Skin cancer is the most common type of cancer in the U.S., with more than 3.5 million new cases each year. Most skin cancers can be identified with a visual exam, and can be cured with surgery. Melanoma is far less common, but is more difficult to cure than other types of skin cancers, such as basal cell and squamous cell carcinomas.
The risk of skin cancer is higher in people with fair skin, and in those with a family history of melanoma. Overexposure to ultraviolet light – from the sun or from other sources such as a tanning bed – causes DNA damage and increases the risk of developing all types of skin cancer. Experts recommend using protective clothing and a sunscreen with an SPF of at least 15 that blocks UVA and UVB rays to reduce the risk of skin cancer.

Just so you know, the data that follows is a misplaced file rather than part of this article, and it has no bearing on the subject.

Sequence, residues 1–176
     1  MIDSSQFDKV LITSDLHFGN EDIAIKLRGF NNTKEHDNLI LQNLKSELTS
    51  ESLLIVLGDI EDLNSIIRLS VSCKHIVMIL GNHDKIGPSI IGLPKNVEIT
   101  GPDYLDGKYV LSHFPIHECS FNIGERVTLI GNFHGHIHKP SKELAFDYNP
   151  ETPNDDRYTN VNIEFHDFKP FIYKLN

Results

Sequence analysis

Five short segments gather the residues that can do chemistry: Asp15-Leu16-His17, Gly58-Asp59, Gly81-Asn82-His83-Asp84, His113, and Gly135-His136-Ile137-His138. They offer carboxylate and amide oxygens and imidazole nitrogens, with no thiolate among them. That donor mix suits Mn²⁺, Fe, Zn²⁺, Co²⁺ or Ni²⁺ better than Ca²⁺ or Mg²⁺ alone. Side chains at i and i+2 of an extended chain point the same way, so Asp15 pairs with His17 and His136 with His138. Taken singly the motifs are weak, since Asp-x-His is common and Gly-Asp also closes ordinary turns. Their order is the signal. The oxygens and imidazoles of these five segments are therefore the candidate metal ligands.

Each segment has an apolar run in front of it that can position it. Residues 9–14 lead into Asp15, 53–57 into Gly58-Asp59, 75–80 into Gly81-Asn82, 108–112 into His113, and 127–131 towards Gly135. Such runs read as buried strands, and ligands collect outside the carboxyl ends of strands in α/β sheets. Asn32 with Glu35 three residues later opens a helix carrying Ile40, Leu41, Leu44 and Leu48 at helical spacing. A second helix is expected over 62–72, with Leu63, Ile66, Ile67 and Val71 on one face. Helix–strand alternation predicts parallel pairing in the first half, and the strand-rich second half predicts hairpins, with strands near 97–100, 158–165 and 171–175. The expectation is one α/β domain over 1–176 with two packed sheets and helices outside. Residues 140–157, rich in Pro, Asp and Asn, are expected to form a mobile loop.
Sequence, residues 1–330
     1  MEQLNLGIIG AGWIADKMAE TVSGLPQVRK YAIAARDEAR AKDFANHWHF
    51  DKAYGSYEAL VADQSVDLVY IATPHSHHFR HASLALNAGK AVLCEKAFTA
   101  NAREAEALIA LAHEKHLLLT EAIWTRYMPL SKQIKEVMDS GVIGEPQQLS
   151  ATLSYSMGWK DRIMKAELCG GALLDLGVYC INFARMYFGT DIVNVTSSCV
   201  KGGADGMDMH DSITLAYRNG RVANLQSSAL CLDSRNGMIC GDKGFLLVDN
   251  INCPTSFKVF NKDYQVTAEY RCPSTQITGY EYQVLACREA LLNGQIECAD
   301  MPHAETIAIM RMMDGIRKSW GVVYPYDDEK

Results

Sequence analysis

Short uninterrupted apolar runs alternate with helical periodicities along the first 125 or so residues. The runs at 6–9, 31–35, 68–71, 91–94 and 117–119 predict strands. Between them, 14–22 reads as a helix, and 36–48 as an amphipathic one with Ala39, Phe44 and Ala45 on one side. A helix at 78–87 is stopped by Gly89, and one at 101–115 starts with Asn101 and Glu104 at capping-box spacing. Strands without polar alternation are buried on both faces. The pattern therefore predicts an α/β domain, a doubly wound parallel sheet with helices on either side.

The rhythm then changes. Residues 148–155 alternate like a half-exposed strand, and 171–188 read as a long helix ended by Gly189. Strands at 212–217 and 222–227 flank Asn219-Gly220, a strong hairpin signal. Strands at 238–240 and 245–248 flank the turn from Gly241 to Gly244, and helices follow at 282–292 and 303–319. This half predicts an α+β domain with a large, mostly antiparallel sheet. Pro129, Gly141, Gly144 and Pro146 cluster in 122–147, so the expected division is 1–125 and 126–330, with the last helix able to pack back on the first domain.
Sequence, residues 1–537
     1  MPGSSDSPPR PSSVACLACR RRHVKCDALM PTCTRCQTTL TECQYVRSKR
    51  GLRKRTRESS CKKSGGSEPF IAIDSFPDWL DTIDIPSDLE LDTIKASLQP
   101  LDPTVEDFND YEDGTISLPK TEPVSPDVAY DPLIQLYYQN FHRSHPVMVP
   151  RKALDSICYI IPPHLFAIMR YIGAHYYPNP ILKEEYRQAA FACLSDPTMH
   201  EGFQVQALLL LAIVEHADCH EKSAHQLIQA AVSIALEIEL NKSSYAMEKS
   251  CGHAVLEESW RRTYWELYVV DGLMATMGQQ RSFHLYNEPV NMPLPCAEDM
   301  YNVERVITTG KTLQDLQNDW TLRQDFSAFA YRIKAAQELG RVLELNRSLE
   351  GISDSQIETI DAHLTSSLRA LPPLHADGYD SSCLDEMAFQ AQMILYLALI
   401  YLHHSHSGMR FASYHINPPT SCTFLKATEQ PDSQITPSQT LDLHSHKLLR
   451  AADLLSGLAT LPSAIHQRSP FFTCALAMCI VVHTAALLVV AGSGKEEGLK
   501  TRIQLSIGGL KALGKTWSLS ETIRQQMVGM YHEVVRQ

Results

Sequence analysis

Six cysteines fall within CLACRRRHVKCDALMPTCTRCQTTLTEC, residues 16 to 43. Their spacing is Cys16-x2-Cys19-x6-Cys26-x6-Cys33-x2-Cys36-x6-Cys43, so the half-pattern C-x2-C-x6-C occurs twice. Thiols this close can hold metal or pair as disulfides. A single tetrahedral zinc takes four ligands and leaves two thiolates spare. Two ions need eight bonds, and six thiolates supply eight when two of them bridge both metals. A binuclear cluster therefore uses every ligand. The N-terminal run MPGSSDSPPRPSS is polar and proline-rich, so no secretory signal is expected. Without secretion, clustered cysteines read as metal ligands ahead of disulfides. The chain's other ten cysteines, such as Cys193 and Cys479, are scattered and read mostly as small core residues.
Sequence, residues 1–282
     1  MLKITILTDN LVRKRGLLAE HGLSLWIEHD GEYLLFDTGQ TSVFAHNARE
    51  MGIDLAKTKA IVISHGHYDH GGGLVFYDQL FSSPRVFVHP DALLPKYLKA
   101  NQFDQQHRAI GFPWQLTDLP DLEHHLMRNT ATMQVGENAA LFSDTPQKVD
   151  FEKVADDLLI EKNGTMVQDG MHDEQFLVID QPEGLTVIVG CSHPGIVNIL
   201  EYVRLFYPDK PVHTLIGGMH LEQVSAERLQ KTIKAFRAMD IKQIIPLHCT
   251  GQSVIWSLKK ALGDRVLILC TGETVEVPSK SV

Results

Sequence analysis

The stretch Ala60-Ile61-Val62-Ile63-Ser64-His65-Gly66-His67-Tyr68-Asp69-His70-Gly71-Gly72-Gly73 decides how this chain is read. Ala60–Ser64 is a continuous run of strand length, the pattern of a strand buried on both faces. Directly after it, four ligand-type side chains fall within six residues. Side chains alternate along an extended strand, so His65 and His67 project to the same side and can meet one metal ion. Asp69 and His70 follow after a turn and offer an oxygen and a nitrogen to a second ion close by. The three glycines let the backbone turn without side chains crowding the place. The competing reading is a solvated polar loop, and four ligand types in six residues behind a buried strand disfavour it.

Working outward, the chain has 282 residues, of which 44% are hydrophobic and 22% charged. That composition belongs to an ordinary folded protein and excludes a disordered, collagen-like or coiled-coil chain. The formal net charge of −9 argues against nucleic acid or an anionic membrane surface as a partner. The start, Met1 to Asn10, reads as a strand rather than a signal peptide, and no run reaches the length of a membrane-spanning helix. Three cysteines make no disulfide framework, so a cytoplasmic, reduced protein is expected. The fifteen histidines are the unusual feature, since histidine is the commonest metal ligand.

People who notice skin changes, such as a sore that keeps returning or a spot that changes color or shape, should have an examination by a dermatologist who specializes in skin cancer. Periodic total body photography can help to identify changes in the number or appearance of moles (nevi) and other skin lesions. A non-surgical biopsy, which uses different wavelengths of light to see beneath the surface of the skin, can help to determine which moles should be removed for a biopsy. Removing precancerous lesions can reduce the risk of developing more serious disease.